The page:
Civil War Letters From Stephen Lowing
09.22.2004

The Bentley Historical Library at the University of Michigan has a collection of letters written by Stephen Lampman Lowing(69) during the Civil War.

Lowing, Stephen Lampman, 1817-1891.

Twenty letters (1861-1864, some original and some typescripts) written to his brother while he was serving as lieutenant and captain in Company I, 3rd Michigan Infantry.

He talks about camp life and his duties, especially as judge advocate; describes a battlefield, his quarters, and the running of a sawmill under enemy fire; praises Company I but criticizes officers in general, especially for drunkenness; complains of the manner of filling vacancies among officers. Home and business affairs are discussed. Lowing, from Georgetown, Mich., was wounded in action at Fair Oaks in 1862, but though somewhat crippled as a result, he did not resign until April, 1864.

In a related account of the battle he was wounded in:

HDQRS. THIRD DIVISION, HEINTZELMAN'S CORPS,
Intrenched Camp, near Savage's, June 2, 1862.
SIR: On the 31st ultimo, at 3 p.m., I received an order to send a brigade of my division by the railroad to support Keyes' corps, said to be severely engaged. Birney's brigade was designated, and getting most promptly under arms, advanced accordingly. Captain Hunt, aide to General Heintzelman, arriving from the field, made me aware of the discomfiture of most of Casey's division. The retiring wagons and a dense stream of disorganized fugitives arrived nearly simultaneously. As a precaution I ordered some picked Michigan marksmen and a regiment to proceed and occupy the dense woods bordering on the left of our position to take in flank any pursuers. I, however, soon received General Heintzelman's directions to order forward by the Williamsburg road the remaining brigade, and to retrieve the position the enemy had driven us from. I put myself at the head of the advanced regiment and set forward without delay. I also sent written orders for Jameson's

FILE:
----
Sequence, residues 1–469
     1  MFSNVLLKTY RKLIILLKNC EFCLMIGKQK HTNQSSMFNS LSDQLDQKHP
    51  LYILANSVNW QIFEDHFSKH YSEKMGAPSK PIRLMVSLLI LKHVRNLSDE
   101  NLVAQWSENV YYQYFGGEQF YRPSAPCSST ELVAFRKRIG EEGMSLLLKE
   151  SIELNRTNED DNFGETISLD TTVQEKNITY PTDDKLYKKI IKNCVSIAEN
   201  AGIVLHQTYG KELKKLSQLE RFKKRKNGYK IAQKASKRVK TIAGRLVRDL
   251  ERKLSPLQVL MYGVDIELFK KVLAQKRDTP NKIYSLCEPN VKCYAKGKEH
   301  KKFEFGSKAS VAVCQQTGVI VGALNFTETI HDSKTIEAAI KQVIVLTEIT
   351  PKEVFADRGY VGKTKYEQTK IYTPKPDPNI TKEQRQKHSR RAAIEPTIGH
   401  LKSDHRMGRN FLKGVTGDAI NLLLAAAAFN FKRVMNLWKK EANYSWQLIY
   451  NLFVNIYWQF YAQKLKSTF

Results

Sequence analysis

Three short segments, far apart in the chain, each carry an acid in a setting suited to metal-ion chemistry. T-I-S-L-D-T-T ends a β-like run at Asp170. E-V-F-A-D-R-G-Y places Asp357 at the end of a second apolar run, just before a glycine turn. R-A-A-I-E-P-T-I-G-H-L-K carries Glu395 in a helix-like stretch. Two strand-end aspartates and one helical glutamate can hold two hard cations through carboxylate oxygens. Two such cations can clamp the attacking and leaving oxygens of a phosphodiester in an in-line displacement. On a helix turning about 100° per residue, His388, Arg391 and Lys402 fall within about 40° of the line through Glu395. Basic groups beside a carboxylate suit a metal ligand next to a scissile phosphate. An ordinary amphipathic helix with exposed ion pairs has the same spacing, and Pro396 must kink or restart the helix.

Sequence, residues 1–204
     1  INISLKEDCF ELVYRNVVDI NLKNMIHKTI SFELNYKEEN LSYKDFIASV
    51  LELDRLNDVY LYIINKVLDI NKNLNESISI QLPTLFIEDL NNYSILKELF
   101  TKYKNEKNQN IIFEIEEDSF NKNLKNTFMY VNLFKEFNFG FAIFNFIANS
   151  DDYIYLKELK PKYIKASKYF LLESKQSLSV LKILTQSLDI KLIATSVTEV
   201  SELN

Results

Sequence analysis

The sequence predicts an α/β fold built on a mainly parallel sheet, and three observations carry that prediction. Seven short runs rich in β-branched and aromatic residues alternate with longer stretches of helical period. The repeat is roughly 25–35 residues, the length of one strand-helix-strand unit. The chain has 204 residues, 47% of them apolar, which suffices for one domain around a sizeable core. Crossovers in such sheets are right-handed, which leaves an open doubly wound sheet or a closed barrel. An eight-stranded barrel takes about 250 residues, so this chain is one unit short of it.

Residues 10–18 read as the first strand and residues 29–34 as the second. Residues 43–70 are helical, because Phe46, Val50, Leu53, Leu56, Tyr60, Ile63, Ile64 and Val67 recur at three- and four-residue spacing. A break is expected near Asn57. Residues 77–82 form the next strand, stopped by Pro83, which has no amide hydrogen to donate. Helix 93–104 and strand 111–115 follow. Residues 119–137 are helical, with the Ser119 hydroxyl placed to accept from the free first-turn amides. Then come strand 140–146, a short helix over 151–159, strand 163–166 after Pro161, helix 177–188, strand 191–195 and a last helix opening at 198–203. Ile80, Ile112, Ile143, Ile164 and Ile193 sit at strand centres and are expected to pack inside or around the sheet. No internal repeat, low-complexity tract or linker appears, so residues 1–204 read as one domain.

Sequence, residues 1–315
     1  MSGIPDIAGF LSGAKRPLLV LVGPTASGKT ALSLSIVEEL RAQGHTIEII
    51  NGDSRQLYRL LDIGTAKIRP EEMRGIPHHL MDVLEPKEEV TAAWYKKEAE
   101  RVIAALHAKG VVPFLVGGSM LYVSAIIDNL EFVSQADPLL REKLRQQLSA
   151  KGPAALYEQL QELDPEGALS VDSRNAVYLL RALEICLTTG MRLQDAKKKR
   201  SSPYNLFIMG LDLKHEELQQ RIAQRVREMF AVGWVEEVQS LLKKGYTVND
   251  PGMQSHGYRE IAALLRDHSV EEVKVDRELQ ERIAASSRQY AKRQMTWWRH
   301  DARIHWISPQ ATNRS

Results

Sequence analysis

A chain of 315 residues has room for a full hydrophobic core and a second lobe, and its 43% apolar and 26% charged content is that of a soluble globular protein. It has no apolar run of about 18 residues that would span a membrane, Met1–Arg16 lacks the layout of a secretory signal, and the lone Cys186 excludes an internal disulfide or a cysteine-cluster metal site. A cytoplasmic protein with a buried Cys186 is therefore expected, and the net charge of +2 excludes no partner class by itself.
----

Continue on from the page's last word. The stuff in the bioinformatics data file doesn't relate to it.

brigade, camped at the tete-de-pont near Bottom's Bridge (3 miles in rear), to come up without delay. This order met with General Heintzelman's approval.
On arriving at the field of battle we found certain zigzag rifle pits sheltering crowds of men and the enemy firing from abatis and timber in their front. General Casey remarked to me on coming up, "If you will regain our late camp the day will still be ours." I had but the Third Michigan up, but they moved forward with alacrity, dashing into the felled timber, and commenced a desperate but determined contest, heedless of the shell and ball which rained upon them. This regiment, the only one of Berry's brigade not engaged at Williamsburg, at the price of a severe loss, has nearly outvied all competitors. Its work this day was complete.
This regiment (Third Michigan) lost:
Officer killed--Capt. S. A. Judd, Company A.
Officers wounded---Col. S. G. Champlin; Capt. S. G. Lowing, Company I; First Lieut. G.
E. Judd, Company A; First Lieut. S. M. Pelton, Company C; First Lieut. G. W. Dodge,
Company F; First Lieut. A. J. Whitney, Company G; First Lieut. S. Brennan, Company I;
Second Lieut. D.C. Crawford, Company E; Second Lieut. Joseph Mason, Company
G.
Total officers killed and wounded, 10.
Enlisted men killed, 31; wounded, 111; missing, 14.
Total loss, 166.(*)

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posted by Trevor Lowing
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